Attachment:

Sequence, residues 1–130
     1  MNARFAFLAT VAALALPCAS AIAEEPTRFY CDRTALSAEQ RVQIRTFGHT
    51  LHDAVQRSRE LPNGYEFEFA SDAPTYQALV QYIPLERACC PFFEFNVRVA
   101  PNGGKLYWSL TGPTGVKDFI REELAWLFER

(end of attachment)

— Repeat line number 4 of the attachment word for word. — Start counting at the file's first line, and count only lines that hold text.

   101  PNGGKLYWSL TGPTGVKDFI REELAWLFER